iOS App to Phone Tutorial

In this tutorial, you’ll learn how to use the Sinch SDK to make a voice call from an iOS app to a regular phone number. This will take about 20 minutes to build and will require:

  • Xcode
  • An understanding of Objective-C
  • Another phone to call (any mobile with a standard phone number)

Start

To begin, sign up for a Sinch account here. Set up a new application using the dashboard and take note of your application key and secret. Next:

  • Launch Xcode and create a new project (File>New>Project)
  • Select Single View Application and click Next
  • Name the project “CallingApp” and save it

The easiest way to add the Sinch SDK is to use CocoaPods. Open a terminal window in your Xcode project directory and create a Podfile with the content below:

pod init

Open the Podfile and add the following:

pod 'SinchRTC'

Save the file and in the terminal window type:

pod install

Note: If you are new to CocoaPods, go to cocoapods.org to learn how to install it.

Lastly, set the architectures on your project and the pod project to armv7 and armv7s.

Setting up the client Open the Main.storyboard in Xcode and add a textfield and a button. Set the text of the button to “Call.”

call screen

Add outlets and actions in ViewController.h like this:

@property (weak, nonatomic) IBOutlet UITextField *phoneNumber;
@property (weak, nonatomic) IBOutlet UIButton *callButton;
- (IBAction)call:(id)sender;

Also add an import to the Sinch client in your ViewController.h:

#import <Sinch/Sinch.h>

Then, in ViewController.m, find - (void)viewDidLoad and add [super viewDidLoad]; after. Here is what your code should look like:

- (void)viewDidLoad
{
    [super viewDidLoad];
    [self initSinchClient];
}

Add instance variables to ViewController.m:

@interface ViewController ()
{
    id<SINClient> _client;
    id<SINCall> _call;
}
@end

Next, synthesize the properties by adding @synthesize phoneNumber, callButton;.

Create a method called initSinchClient, add your application key and secret, and choose a username. In this tutorial we are not going to have any login functionality because this is just a basic calling app skeleton.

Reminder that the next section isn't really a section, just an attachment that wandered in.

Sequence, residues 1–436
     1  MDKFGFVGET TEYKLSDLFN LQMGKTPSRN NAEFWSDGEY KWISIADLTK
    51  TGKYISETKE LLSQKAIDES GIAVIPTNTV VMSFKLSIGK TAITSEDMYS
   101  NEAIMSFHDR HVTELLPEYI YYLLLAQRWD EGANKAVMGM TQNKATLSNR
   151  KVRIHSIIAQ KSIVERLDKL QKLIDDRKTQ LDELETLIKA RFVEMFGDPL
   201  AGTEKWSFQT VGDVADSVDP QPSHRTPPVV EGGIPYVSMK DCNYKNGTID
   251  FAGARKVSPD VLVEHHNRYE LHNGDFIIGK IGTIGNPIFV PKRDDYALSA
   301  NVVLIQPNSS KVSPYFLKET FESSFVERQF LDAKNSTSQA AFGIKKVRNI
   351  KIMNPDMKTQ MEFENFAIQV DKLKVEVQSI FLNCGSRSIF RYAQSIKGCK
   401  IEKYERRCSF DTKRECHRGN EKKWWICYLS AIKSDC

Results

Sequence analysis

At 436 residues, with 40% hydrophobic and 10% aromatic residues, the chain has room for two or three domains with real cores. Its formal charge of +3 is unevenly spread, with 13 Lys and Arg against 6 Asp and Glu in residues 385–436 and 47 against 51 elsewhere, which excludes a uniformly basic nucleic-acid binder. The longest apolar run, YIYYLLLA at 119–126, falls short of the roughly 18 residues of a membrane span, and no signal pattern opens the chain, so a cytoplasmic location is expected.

-(void)initSinchClient
{
    _client = [Sinch clientWithApplicationKey:@"your_key"
                            applicationSecret:@"your_secret"
                              environmentHost:@"clientapi.sinch.com"
                                       userId:@"anything you want"];
    _client.callClient.delegate = self;
    [_client setSupportCalling:YES];
    [_client start];}

As you can see, you now have a warning. Let’s fix that by adding the SINCallClientDelegate to the ViewController.h file:

@interface ViewController : UIViewController <SINCallClientDelegate>

If you have followed the iOS app-to-app calling tutorial, you might notice that we are not listening to active connections with [_client startListeningOnActiveConnection]. That’s because it’s unnecessary when you only want to make PSTN and outgoing calls.

Also, not starting an active connection will save you money.

This all the setup needed to make PSTN (app-to-phone) calls. Next, we will implement a “placing the call” functionality.

Making a call

Change the call: action to look like this:

- (IBAction)call:(id)sender {
    if (_call == nil)
    {
        _call = [[_client callClient] callPhoneNumber:phoneNumber.text];
        [callButton setTitle:@"Hangup" forState:UIControlStateNormal];
    }
    else
    {
        [_call hangup];
        [callButton setTitle:@"Call" forState:UIControlStateNormal];
    }

}

This changes the functionality either to call or hang up.

And there you have it. For a production app, your next steps will be to implement the SINCallDelegate protocol so you can make UI changes on callDidEnd or callDidEstablish, for example.

Happy coding!

If you enjoyed this tutorial, read our other iOS and app-calling tutorials.